UK Stamp Duty Regime Weighs on Property Market

By: Emma Gettings

As the UK’s home building rate remains woefully inadequate, the UK’s Stamp Duty payment regime has come under fire as one of the culprits. Property management and investment firm Jones Lang LaSalle’s (JLL) chief executive, has labelled the tax politically motivated and nothing more than a hindrance on the property construction and sector and general housing market.

UK Stamp Duty Regime Weighs on Property Market

“For long-term development, stamp duty is definitely harmful, because the stamp duty in itself doesn’t create any value,” JLL’s global chief executive Christian Ulbrich said, according to a Daily Telegraph report. “It’s an additional cost that makes development more unattractive and it has to be considered in the pricing.”

Stamp duty is a regular bugbear when it comes to the UK’s expensive housing market, although Mr. Ulbrich’s comments are stronger than some previous criticism.

“Stamp duty can add a notable amount onto the already expensive cost of buying a home,” said Wimbledon estate agent Robert Holmes. “It’s also one of the few things that all aspects of society like to have a grumble about.”

However, while Conservative, then Chancellor of the Exchequer George Osborne in 2014 agreed that changes should be made to the system, the tweaks he introduced didn’t lower the costs substantially. Nor did they ensure taxes paid on property purchase would be used for the benefit of the housing market.

Indeed, there remains a large increase in stamp duty tax payments from 5% to 10% when the price of property rises above £925,000, even while the rate of residential construction remains too low and prices are still rising.

“There’s nothing wrong with asking the rich to contribute more than the less well-off, but when it comes to property it isn’t always that clear cut,” said Andrew Reeves, Pimlico estate agent. “Because of the lack of building in recent years, property values have risen sharply, which means there are now a lot more £1 million houses in the UK which will be subject to that higher stamp duty rate.”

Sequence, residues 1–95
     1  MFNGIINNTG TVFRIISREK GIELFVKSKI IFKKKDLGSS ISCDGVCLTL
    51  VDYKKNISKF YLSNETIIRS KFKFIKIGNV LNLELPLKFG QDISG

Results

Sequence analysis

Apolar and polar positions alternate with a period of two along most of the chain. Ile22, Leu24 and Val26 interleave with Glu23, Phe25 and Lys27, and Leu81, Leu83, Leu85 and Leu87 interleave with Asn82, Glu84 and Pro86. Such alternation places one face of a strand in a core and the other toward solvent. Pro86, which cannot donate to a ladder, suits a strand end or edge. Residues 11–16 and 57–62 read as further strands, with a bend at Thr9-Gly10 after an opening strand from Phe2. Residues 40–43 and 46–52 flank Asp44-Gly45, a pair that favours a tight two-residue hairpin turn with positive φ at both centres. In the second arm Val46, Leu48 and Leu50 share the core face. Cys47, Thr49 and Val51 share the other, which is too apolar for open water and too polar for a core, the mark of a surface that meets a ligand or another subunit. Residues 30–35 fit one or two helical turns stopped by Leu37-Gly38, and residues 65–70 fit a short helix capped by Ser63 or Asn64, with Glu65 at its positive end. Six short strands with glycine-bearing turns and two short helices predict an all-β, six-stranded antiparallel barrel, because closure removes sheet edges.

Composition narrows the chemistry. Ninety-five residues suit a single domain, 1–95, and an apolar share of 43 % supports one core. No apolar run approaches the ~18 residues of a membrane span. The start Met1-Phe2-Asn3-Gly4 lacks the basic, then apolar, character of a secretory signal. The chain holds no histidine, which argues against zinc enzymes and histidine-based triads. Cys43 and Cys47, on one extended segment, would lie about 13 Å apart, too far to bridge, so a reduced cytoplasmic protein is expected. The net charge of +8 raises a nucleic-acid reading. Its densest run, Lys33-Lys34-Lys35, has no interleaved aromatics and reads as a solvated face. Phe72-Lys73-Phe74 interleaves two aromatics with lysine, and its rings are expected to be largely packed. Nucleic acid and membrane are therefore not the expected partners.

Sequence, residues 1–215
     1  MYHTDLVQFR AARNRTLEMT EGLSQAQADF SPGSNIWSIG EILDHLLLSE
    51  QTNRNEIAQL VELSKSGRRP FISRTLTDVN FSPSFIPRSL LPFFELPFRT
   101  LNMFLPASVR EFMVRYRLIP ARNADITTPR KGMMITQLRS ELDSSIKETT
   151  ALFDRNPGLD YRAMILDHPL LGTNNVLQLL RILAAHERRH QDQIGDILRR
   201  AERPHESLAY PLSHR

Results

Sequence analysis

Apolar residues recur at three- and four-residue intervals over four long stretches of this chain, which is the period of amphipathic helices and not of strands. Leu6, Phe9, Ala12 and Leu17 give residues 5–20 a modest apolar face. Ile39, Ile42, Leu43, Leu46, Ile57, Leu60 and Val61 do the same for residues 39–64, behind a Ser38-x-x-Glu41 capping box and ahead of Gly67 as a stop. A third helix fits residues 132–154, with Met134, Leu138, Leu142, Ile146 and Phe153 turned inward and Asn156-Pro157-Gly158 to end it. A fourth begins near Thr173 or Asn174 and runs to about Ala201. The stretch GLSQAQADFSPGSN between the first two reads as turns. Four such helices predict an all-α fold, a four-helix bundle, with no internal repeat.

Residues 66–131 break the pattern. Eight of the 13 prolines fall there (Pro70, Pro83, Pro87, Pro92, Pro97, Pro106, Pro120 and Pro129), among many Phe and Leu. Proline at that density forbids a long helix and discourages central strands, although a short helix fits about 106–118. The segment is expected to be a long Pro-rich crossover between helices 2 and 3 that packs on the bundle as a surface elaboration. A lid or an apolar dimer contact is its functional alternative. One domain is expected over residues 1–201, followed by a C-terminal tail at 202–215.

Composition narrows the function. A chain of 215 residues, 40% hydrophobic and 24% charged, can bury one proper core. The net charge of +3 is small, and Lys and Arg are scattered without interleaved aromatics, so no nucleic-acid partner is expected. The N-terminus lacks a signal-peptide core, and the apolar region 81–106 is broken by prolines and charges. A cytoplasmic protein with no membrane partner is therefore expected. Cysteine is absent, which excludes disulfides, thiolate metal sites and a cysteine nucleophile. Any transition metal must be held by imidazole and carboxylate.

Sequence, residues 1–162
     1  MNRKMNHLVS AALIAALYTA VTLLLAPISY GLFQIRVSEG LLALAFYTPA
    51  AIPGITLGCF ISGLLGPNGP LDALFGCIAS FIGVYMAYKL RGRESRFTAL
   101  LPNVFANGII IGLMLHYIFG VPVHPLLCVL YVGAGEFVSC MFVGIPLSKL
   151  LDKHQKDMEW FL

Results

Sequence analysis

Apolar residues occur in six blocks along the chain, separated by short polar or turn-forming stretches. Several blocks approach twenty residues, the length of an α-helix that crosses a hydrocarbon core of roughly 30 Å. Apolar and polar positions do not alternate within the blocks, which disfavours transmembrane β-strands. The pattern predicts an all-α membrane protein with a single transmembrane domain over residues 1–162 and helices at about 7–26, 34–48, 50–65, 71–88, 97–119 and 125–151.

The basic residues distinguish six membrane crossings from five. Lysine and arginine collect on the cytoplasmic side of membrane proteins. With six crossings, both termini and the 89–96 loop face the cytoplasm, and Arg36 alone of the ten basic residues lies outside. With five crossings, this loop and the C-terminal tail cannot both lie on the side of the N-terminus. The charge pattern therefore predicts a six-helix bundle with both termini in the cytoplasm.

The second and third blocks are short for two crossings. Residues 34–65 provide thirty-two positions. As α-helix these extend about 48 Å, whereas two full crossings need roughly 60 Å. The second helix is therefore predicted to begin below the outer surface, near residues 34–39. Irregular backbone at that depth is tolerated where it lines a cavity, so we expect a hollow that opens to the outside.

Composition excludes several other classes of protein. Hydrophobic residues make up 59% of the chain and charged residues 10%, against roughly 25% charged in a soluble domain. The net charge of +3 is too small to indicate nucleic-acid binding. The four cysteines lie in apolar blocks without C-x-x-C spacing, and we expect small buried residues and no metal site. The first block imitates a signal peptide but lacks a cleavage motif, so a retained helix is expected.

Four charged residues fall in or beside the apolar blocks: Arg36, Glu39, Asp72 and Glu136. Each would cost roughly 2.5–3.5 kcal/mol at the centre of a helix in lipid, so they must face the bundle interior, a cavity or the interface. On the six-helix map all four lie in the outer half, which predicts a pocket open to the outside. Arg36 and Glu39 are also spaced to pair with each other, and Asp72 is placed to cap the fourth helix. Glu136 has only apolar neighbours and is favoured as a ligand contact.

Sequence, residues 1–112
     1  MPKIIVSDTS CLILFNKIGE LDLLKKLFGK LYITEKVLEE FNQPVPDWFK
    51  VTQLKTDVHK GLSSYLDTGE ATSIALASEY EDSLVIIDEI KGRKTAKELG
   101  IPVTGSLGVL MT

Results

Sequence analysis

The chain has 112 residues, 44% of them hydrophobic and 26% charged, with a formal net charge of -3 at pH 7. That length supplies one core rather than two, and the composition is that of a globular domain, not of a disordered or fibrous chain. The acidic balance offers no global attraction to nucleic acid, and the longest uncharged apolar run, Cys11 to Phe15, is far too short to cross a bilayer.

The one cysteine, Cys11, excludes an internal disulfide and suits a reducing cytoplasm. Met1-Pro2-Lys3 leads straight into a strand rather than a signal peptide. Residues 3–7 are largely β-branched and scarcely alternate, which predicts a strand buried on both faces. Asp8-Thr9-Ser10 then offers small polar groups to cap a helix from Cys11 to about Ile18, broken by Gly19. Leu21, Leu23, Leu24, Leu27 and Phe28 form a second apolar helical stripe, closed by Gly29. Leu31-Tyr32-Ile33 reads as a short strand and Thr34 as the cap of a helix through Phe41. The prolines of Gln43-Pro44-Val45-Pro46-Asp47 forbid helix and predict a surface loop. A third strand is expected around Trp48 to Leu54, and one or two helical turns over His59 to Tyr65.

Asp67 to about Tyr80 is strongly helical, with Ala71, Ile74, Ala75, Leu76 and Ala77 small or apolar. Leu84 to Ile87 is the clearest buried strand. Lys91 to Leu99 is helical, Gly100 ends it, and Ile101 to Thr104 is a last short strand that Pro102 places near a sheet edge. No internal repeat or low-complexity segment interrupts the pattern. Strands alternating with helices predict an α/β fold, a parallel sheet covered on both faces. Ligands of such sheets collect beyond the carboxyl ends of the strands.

However, JLL’s Mr. Ulbrich isn’t just railing against the additional, large expense stamp duty adds to a residential property purchases with little prospect of receiving any actual benefit from it. He also said that the UK’s Stamp Duty system works to stifle activity of private sector Buy-to-Let (BTL) landlords and home-builders too.

Specifically, landlords now face an additional 3% surcharge on properties they buy worth more than £40,000. This works to, not only limit purchasing activity by investors, but it also pushes rents higher, as those who do continue to buy more property, seek to recoup some of their additional costs.

For builders, meanwhile, particularly smaller construction firms, stamp duty has to be factored in to the eventual sale price. The act of building and selling residential property has to be profitable or companies wouldn’t do it, so the price should reflect that. But, in order to sell the finished product, it has to be affordable for the area and target market – who will have to pay stamp duty on top of the purchase price.

“If it’s just one purchase of an affordable home for one family, once in a lifetime, then a stamp duty tax would be fine, but it isn’t,” said Newington Green estate agent M&M Property. “For investors in particular, which the UK’s rental sector is heavily reliant on, they’re paying stamp duty over and over again and at a higher rate, which does add up and is sure to make some BTL landlords think twice about staying in business.”

When you look at all the details then, it’s actually pretty easy to understand why JLL’s Mr. Ulbrich has taken umbrage with the UK’s Stamp Duty land tax. But, as the system has been around for so long already with few changes made, it’s unlikely that we’ll witness any extraordinary changes that will either see stamp duty taxes used to improve the construction sector, or cut to reflect the multiple purchases made by home-owners and the higher price of property.

Written by Gurleen, at Property Divison